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Curtis Marean

Curtis Marean

Professor, School of Human Evolution and Social Change, College of Liberal Arts and Sciences

Curtis.Marean@asu.edu

480-965-7796

School of Human Evolution and Social Change
Arizona State University
PO Box 872402
Tempe, AZ 85287-2402

Titles

  • Professor, School of Human Evolution and Social Change, College of Liberal Arts and Sciences

Biography

Curtis W. Marean, Professor in the School of Human Evolution and Social Change and the associate director of the Institute of Human Origins at Arizona State University, is interested in the relation between climate and environmental change and human evolution, both for its significance as a force driving past human evolution, and as a challenge to be faced in the near future.  This is a natural transdisciplinary topic that thrives at the intersection of archaeology, geology, geochemistry, geochronology, and climate and environmental sciences.  Curtis has focused his career developing field and laboratory teams and methods that tap the synergy between the disciplines to bring new insights to old scientific problems.  He has spent over 20 years doing fieldwork in Africa, and conducting laboratory work on the field-collected materials, with the goal of illuminating the final stages of human evolution – how modern humans became modern. 

Curtis began his career at Pennsylvania State University where he conducted research on dating ancient stone artifacts through obsidian hydration.  His work as an undergraduate there resulted in the publication of the first directly dated Middle Stone Age artifacts (about 70,000 years old).  This was followed by a move to the University of California at Berkeley where he received his Ph.D. 1990.  

His dissertation research, published in Nature, showed that during the cooler periods of glacial stages the grassland ecosystems of East Africa were primarily deserts, inhabited by dry climate adapted mammals.  This research also showed that the African grassland ecosystems of today are in fact quite recent developments from the combined effects of modern climate of the last 4000 years and regular burning of grasses by pastoralists.  After completing his doctorate, Curtis joined the faculty at SUNY at Stony Brook where he served as director of the Interdepartmental Program in Anthropological Sciences (IDPAS), and in 2001 he joined ASU. 

Curtis has always had an interest in employing new technologies to solve old problems in archaeology.  This led him to develop a novel approach to studying fossil bones from archaeological sites that has changed the way researchers do zooarchaeology – the study of animal bones from archaeological sites.  With his research team he developed a new image analysis based system for recording and analyzing fossil bone which has laid the foundation for all future zooarchaeological data recording and analysis systems.  His application of that system overturned the widely accepted idea that archaic humans, such as Neanderthals, were primarily scavengers.  This falsified the hypothesis that modern humans replaced Neanderthals because modern humans were hunters and Neanderthals scavengers.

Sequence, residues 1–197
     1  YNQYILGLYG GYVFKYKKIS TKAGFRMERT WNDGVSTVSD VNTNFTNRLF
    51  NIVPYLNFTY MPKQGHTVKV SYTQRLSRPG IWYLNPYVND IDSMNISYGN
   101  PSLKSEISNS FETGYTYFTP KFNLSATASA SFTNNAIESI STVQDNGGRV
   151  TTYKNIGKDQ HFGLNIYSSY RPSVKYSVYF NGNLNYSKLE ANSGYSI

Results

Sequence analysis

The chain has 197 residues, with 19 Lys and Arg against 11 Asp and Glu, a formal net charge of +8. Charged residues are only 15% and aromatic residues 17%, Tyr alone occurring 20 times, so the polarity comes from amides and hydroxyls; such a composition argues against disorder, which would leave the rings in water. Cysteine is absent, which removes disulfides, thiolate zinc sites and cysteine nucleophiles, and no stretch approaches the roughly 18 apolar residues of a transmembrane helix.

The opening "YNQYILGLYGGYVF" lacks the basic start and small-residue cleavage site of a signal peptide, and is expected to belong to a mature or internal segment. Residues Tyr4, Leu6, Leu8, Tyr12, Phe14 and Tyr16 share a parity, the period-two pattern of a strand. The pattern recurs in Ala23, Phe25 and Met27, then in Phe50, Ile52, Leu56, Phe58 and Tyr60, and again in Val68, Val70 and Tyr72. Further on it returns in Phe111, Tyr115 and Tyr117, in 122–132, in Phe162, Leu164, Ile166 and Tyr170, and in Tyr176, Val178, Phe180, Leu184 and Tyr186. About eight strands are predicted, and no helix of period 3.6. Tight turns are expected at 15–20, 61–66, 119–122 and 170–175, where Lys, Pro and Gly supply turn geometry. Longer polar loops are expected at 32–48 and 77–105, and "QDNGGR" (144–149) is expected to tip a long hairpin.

Curtis’ early interest in ancient climates and environments has recently been revisited in a major international transdisciplinary project to develop a complete climatic and environmental curve for southern Africa spanning 400,000 to 30,000 years ago.  This project, of which he is the principal investigator and project director, is called the South African Coast Paleoclimate, Paleoenvironment, Paleoecology, Paleoanthropology (SACP4) project.  It includes about 40 scientists from 10 countries, and is funded by a $2.5 million grant from the National Science Foundation, and a continuing generous funding from the Hyde Family Foundation.  That project recently received another NSF grant for $1.0 m.  That project has published in Nature on the earliest evidence for people exploiting coastal resources (shellfish), and very early evidence for the use of pigments and bladelet technology.  In 2009 the project published in Science an analysis that showed that early modern humans in South Africa employed heat treatment technology as early as 164,000 years ago.

 

Education

  • PhD, University of California-Berkeley, 1990
  • MA, University of California-Berkeley, 1985
  • BA (with high distinction), Anthropology, Pennsylvanai State University, 1982